The idea of red-meat-loving NASCAR hosting an electric car racing series sounds outlandish, but it actually is a logical next step and may not be far off. NASCAR tracks are already featuring electric motorcycle time trials and battery-powered drag races. And the technology is improving rapidly, as NASCAR is determined to go green.
According to the Lead Lap racing blog:
Imagine if you will, a future where NASCAR Sprint Cup races feature not the pushrod V-8 engines found in today’s stock cars, but electric motors that run off of lithium-ion batteries…Does this sound far-fetched? A decade ago, I would have said yes….Bu the way things are going, I wouldn’t be surprised to someday see [electric cars] circling NASCAR tracks.
Two key obstacles remain before the dream becomes a reality: The cars can’t go very far when they’re running at full throttle, and they don’t make a lot of noise — beyond the squealing tires, that is.
The “Noise” Factor
Without the V-8 roar, the willingness of crowds to accept EVs on the ovals is still a big question. “Maybe we’ll have to put a playing card in the spokes,” said Steve Page, president of the NASCAR-hosting Infineon Raceway in California. Danny Sullivan, winner of the Indianapolis 500 in 1985 and an EV booster, also told me that he worries about the noise issue. But Sylvain Filippi, managing director of the EV Cup, the first electric race series to hit California tracks later this year, says the noise issue is overrated:
When cars are passing by at speed, most of what you hear is wind and tire noise. The motor is mostly heard when the cars are accelerating. When electric race cars are going by at 120 mph, they won’t be quiet at all, and people are going to be very surprised.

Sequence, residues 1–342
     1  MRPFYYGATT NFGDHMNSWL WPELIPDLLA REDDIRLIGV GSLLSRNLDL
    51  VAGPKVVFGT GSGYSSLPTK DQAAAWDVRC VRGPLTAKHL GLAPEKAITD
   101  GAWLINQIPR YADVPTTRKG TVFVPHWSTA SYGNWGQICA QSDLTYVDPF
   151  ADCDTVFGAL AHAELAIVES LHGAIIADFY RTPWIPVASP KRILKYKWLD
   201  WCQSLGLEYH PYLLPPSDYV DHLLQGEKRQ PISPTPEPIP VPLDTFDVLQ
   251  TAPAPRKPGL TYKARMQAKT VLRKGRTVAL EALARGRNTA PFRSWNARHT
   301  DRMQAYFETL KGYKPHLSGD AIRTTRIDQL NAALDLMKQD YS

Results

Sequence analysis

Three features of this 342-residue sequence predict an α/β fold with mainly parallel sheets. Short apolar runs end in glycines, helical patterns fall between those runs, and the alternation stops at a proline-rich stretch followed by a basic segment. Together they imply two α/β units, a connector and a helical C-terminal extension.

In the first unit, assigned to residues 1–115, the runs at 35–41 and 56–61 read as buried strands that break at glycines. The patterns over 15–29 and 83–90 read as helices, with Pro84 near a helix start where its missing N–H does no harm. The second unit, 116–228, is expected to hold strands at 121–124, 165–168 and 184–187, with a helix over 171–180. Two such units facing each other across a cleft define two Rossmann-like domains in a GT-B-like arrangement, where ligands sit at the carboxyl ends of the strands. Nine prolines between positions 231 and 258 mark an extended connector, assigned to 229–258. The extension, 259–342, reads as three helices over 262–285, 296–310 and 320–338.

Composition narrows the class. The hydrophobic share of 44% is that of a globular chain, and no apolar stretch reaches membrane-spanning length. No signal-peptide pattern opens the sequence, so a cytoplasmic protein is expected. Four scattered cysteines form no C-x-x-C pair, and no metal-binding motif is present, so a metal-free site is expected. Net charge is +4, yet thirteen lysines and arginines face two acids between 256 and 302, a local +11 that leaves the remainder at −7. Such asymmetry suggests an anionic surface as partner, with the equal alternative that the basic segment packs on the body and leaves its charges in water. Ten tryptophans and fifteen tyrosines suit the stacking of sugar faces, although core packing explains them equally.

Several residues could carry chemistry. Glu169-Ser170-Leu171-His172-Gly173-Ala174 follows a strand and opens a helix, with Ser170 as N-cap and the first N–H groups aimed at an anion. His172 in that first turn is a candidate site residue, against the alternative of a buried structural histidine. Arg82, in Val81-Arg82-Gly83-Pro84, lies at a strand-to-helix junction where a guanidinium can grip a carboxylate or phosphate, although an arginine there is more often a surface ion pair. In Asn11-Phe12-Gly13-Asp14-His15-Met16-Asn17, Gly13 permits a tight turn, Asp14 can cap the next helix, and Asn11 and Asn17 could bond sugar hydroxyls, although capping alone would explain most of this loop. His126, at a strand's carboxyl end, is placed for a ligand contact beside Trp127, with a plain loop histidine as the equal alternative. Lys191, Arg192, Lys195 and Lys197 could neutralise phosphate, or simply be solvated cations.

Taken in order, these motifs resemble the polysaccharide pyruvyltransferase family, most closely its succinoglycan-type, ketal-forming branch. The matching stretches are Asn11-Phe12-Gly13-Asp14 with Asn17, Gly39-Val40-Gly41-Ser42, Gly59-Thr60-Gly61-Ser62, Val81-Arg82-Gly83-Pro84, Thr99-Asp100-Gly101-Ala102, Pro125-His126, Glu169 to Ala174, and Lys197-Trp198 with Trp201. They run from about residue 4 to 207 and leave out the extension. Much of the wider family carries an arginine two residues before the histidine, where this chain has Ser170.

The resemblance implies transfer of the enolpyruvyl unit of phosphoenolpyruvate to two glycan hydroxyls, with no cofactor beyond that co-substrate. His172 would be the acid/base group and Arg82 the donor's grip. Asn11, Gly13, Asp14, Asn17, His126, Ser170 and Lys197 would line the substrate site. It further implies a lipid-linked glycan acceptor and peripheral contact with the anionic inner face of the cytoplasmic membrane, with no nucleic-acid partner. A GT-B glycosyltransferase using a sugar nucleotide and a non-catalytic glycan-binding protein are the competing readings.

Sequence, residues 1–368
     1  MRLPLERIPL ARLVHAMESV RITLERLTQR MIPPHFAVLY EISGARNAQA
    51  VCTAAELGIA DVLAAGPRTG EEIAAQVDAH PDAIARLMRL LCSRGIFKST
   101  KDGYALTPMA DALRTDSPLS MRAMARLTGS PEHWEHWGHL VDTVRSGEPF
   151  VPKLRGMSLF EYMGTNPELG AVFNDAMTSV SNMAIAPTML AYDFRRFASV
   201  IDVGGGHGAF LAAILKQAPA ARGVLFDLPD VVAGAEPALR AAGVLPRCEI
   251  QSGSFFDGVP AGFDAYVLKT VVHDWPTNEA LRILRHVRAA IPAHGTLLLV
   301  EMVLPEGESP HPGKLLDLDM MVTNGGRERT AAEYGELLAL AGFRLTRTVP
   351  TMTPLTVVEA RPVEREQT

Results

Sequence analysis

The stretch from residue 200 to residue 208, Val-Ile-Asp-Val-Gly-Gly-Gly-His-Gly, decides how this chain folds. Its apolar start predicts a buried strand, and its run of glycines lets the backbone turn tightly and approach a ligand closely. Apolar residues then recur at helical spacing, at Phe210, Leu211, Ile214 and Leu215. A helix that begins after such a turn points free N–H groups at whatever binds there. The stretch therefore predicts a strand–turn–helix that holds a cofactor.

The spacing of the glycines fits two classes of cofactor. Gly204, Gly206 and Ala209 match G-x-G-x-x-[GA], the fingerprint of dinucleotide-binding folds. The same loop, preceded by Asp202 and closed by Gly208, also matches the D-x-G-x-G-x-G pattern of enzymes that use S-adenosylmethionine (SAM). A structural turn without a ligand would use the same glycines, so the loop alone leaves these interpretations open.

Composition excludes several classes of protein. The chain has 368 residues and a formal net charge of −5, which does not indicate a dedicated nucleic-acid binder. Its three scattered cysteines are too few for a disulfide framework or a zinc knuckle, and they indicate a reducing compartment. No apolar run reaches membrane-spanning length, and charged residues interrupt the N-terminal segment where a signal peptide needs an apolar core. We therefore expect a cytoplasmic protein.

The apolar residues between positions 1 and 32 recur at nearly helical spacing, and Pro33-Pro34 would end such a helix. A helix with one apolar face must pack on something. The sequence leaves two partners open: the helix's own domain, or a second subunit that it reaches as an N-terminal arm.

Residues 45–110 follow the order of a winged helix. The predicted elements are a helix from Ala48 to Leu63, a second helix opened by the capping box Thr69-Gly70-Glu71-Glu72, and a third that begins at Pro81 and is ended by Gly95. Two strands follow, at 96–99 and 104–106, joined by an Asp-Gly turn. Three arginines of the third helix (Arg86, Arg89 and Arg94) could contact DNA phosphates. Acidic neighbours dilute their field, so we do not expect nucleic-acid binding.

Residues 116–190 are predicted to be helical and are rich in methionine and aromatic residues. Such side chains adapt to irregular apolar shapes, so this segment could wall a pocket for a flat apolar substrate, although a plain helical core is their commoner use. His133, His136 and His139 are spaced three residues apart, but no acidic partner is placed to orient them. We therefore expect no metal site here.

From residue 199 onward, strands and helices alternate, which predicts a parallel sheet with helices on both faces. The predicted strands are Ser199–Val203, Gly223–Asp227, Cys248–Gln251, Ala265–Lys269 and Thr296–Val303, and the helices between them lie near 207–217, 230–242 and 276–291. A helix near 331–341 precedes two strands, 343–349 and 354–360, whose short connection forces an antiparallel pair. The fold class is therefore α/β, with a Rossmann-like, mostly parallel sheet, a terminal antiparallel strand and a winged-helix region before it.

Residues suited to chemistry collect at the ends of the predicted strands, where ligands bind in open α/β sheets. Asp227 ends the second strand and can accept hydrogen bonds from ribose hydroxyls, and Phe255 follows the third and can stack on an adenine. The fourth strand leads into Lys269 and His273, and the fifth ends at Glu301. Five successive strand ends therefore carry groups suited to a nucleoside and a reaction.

NASCAR: Determined to Go Green
EV racing really needs NASCAR, because it’s the number one spectator sport in the U.S. (more popular than football). And NASCAR is definitely going green. Spokesman Scott Warfield points to E15 ethanol fuel in the tanks of all three national series, to solar initiatives at Pocono and other tracks, and to big recycling ongoing programs. Infineon is in ultra-green northern California, which perhaps helps to explain the lawn-mowing sheep in the infield and the Panasonic solar arrays (providing 41 per cent of the track’s electricity) on six buildings.
Infineon Raceway’s Page says that track operators and NASCAR officials are “throwing some ideas around, though we get blank stares from some people. The cars will need to have enough range to be credible.” The EV Cup races are only 25 miles, compared to 350 to 400 miles for many NASCAR races. One way to make electric races longer is with fast-change battery swapping, which could be quite an exciting pit visual. Crews change tires in seconds, and they could undoubtedly do a battery pack in a minute. Safety standards are in the works for just such swapping.
NASCAR won’t say much on the record about electric racing on the record, though it is looking into it. According to spokesman John Schwartz, “We’re constantly evaluating ways to reduce our sport’s impact on the environment.”
Early Attempts at Experimenting
In the meantime, NASCAR tracks are dipping their toes in the water with exhibition races and special events. One thing’s for sure, electric motors have total torque right off the line, and these cars aren’t slow. The Westfield iRacer developed for the EV Cup series has a zero to 60 time under five seconds. At Laguna Seca last week, a Mission Motors electric cycle set a track record with a one-minute, 47-second lap. The Rocket electric drag racer has seven-second quarter-mile times.
Sullivan is optimistic that electric racing will have its day, though with current Indy cars gulping down fuel at a rate of two miles per gallon he’s not sure that the Brickyard will be plugging in anytime soon. “Racing is moving in the electric direction,” he said. “Some of the electric motorcycles I’ve seen are far ahead of the car stuff.”
This video is positive proof that EVs, in this case the Westfield iRacer, can burn rubber:
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